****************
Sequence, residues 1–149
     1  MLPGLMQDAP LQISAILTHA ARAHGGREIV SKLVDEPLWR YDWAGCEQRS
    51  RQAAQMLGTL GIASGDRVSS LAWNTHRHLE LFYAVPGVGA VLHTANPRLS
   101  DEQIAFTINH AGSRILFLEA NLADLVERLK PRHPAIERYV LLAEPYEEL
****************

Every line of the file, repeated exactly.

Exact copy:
Sequence, residues 1–149
     1  MLPGLMQDAP LQISAILTHA ARAHGGREIV SKLVDEPLWR YDWAGCEQRS
    51  RQAAQMLGTL GIASGDRVSS LAWNTHRHLE LFYAVPGVGA VLHTANPRLS
   101  DEQIAFTINH AGSRILFLEA NLADLVERLK PRHPAIERYV LLAEPYEEL